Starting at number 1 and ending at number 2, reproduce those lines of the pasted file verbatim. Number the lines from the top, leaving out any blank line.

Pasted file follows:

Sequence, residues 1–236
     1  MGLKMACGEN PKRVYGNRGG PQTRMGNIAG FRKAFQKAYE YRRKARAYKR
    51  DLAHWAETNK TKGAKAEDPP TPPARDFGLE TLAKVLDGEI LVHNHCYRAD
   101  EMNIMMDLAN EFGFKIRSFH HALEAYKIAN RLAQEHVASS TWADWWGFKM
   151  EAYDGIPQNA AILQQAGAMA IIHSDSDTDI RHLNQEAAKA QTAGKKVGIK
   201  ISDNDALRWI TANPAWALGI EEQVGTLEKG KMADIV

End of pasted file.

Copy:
Sequence, residues 1–236
     1  MGLKMACGEN PKRVYGNRGG PQTRMGNIAG FRKAFQKAYE YRRKARAYKR